Virginia Tech uses federal COVID aid money to refund students $100

Following a multi-million dollar donation, Virginia Tech University has decided to give students a credit equal to the amount of their transportation fee.

The Blacksburg, Virginia transit service donated its CARES Act funding to the university in light of a budget surplus.

Virginia Polytechnic Institute has decided will give money back to its students in light of a $4 million donation from the town’s public transportation system, Blacksburg Transit (BT). 

BT was founded in 1983 and provides public transportation to Virginia Tech students and staff, which make up 95 percent of the ridership, and citizens of surrounding communities. 

Blacksburg Transit received $4 million as a result of the Coronavirus Aid, Relief, and Economic Security (CARES) Act from the Federal Transit Administration to help mitigate disruptions caused by the pandemic. 

[RELATED: Virginia bill would create reparations scholarships]

The university stated that “as a result of receiving this funding, the town and Virginia Tech have agreed to a contract revision allowing the town to credit the university $4 million for payments not needed to support transit services during this time period.”

Blacksburg Town Manager Marc Vernie said to VT that “when we learned that there would be a surplus in Blacksburg Transit’s budget due to the CARES Act funding, we felt that it was appropriate to provide this credit back to the university, which has been the town’s long-time partner in providing Blacksburg Transit service.”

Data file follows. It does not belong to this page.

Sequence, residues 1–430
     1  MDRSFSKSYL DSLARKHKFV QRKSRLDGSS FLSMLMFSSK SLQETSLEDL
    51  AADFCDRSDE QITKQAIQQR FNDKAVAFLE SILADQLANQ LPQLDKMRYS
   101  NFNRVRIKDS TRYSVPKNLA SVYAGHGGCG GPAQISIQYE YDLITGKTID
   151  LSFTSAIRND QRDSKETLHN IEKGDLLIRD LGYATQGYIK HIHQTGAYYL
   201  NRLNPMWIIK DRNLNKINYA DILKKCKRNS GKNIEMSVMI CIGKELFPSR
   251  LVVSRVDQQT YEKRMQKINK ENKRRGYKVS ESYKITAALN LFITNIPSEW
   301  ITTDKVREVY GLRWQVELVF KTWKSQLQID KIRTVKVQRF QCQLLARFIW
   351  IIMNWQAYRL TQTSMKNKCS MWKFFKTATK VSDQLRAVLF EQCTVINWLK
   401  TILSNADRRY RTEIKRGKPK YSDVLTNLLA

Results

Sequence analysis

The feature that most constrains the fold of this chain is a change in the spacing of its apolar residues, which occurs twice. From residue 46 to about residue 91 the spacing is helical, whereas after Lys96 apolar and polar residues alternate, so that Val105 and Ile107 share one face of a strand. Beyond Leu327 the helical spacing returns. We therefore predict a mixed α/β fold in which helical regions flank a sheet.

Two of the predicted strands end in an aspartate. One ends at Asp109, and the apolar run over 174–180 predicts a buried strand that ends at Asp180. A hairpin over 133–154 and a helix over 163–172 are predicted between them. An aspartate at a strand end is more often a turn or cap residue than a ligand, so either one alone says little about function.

[RELATED: Virginia county pays community college tuition with savings from releasing jail inmates]

This credit will serve to provide students relief in the form of a refund for the mandatory Transportation Services Fee during the 2021 spring semester. For full-time students, the current fee is $96 per semester, which allows students the unlimited use of BT bus services and alternative transportation programs.  

[RELATED: Virginia Tech president admits US has lost trust in overly politicized higher ed]

Sophomore Adam Stoltz told Campus Reform that “it’s encouraging to see that the school is reimbursing us. Since I only have one in-person class I’m only using the bus once a week, so it’s nice that I don’t have to pay as if I were using it everyday.” 

The VT Board of Visitors will need to vote and approve a resolution that will allow the university to accept and distribute this credit. The university stated that the board will vote in late March.

Senior Vice President and Chief Business Officer Dwayne Pinkney said “We believe that passing this relief to our students would be the right thing to do.”

Follow the author of this article on Twitter: @abbyystreetman